In the 18th century, this painting was attributed to Ludolf de Jongh, but in following years it has occasionally been given to other artists, including Pieter de Hooch. This confusion occurred in part because the painting bore a false signature of 'P d. hooch' on the overturned stool in the foreground until a recent cleaning revealed the original signature, 'L.D. Jongh'. Paintings by De Jongh have been common targets for such subterfuge in part because of the artist's own chameleon-like ability to create works in a variety of styles and subjects. De Jongh's facility at producing a range of hunting and riding scenes, portraits, courtyard views, as well as cityscapes and landscapes, likely stemmed from his diverse training. According to biographer Arnold Houbraken, De Jongh studied in Rotterdam with Cornelis Saftleven, who specialized in peasant scenes and landscapes, in Delft with Anthonie Palamedesz, who was primarily a specialist in guardroom paintings, and in Utrecht with Jan van Bijlert who produced life-size history paintings and genre scenes as well as cabinet pictures, often in a Caravaggesque idiom. In addition, De Jongh spent seven years in France before returning in 1642 to Rotterdam, where over time he became one of the city's most successful painters.
The present work was most likely executed in the first half of the 1650s, when De Jongh was at his most productive. The scene depicts a stable or barn with an officer and serving woman standing together in conversation; their hunched bodies suggest they are involved in a dispute. Presumably they are arguing over the cost of his stay and quartering of his horse, as such temporary accommodations were common during the war for independence in the United Provinces. The officer, wearing an armored chest plate and buff jerkin, has one hand in his pocket, the other resting on the wrist of the tavern hostess, who stands waiting with open palms.
A figure sits before the quarreling couple, wearing a floppy red beret, red shirt, sash and coat. He holds a small liquor bottle in one hand and a clay pipe in the other, smiling over his shoulder at the viewer. Common in Dutch genre paintings by Jacob Duck and Nicolaes Maes, this figure may have its origins in theater, acting as an intermediary between the audience and the stage. In the present work, this mischievous character puts his finger to the side of his nose, pulling down the lower lid of his right eye--a humorous gesture visible in the satirical works of Jan Steen as well as in Karel Dujardin's Morra Players in the Louvre (inv. R.F. 2002-1, see Tokyo, op. cit., p.161).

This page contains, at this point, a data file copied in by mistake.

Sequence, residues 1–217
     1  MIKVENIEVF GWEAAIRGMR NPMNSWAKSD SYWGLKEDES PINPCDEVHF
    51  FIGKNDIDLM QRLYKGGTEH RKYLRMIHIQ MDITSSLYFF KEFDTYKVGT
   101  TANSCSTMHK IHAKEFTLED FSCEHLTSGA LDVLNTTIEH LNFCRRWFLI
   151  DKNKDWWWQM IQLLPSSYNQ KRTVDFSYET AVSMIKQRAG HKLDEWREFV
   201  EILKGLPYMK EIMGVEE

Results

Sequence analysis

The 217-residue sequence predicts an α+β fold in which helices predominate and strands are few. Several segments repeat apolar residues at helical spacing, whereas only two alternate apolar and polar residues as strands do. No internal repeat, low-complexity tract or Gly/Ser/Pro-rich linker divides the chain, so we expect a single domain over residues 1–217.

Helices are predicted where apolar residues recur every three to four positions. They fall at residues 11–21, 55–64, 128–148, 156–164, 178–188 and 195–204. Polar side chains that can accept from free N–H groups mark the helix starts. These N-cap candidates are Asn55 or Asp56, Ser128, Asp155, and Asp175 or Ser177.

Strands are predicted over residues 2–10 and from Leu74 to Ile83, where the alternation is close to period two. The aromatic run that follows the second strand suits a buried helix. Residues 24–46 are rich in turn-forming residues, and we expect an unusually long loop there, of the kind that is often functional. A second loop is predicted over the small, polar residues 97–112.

An addition of approximately fifteen centimeters on the top converted the panel from a horizontal stable scene to the upright format that came into fashion in the early to mid-1650s (Tokyo, loc. cit.); De Jongh likely changed the format of the panel himself in order to create a more dramatic perspective.
Signature: Signed indistinctly 'L D Jongh' (on the seat of the overturned stool, lower center).
Waltham, Massachusetts, Rose Art Museum, 17th Century Paintings from the Low Countries, 27 February-27 March 1966, no. 19, as 'Pieter de Hooch'.
Norfolk, Virginia, The Chrysler Museum; Providence, Rhode Island, Museum of Art, Rhode Island School of Design; Tampa, Florida, The Tampa Museum, The Discovery of the Everyday: Seventeenth Century Dutch paintings from the Wolf Collection, 1982-1983, no. 21, as 'Pieter de Hooch'.
Tokyo, Tokyo Metropolitan Museum of Art, Vermeer and the Delft Style, 2 August-14 December 2008, no. 24.
R.E. Fleischer, 'Ludolf de Jongh and the Early Works of Pieter de Hooch', Oud Holland, XCII, 1978, pp. 60-61, 63, 65, fig. 20.
P.C. Sutton, Pieter de Hooch, Oxford, 1980, p. 141, no. D20, pl. 182.
P.C. Sutton, in Masters of Seventeenth Century Dutch Genre Painting, exhibition catalogue, Philadelphia/Berlin/London, 1984, p. LI, fig. 88.
R.E. Fleischer, Ludolf de Jongh, Doornspijk, 1989, p. 69, pl. 80.
R.E. Fleischer and S. Reiss, 'Attributions to Ludolf de Jongh, some old, some new', The Burlington Magazine, CXXXV, no. 1087, October 1993, p. 668, fig. 1.
W. Franits, Dutch Seventeenth-Century Genre Painting, New Haven, 2004, pp. 193, fig. 178.
Dr. Bragge, London; sale, John Prestage, London, 19-21 March 1751, lot 41, as 'De Jonge, An officer paying his Landlady', where purchased by
Sir William Beauchamp, and by descent to Jocelyn Beauchamp, Langley Park, Norwich; Sotheby's, London, 11 July 1956, lot 117, as 'Gillis van Tilburg' (£170 to Sabin).
Emile Wolf, New York; Sotheby's, New York, 28 January 2000, lot 28 ($156,500).
About Ludolf de Jongh
Dutch, 1616-1679, Overschie, Netherlands, based in Hillegersberg, Netherlands